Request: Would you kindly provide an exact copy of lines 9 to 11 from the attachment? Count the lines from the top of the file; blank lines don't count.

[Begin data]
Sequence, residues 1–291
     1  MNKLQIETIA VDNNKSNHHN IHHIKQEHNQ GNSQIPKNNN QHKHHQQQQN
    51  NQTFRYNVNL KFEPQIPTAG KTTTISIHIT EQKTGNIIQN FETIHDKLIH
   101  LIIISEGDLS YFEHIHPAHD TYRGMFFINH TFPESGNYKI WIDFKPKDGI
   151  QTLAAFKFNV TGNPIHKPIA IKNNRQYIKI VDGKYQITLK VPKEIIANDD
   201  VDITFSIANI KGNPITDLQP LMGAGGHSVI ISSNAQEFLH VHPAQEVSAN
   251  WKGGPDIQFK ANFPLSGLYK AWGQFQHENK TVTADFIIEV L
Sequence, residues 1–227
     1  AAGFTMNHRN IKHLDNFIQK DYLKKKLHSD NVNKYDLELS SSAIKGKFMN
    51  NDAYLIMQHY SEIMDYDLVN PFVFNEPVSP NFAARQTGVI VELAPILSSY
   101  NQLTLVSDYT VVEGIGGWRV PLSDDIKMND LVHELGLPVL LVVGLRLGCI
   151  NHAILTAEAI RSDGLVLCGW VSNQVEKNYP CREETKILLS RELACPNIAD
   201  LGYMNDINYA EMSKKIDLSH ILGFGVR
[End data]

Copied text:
     1  AAGFTMNHRN IKHLDNFIQK DYLKKKLHSD NVNKYDLELS SSAIKGKFMN
    51  NDAYLIMQHY SEIMDYDLVN PFVFNEPVSP NFAARQTGVI VELAPILSSY
   101  NQLTLVSDYT VVEGIGGWRV PLSDDIKMND LVHELGLPVL LVVGLRLGCI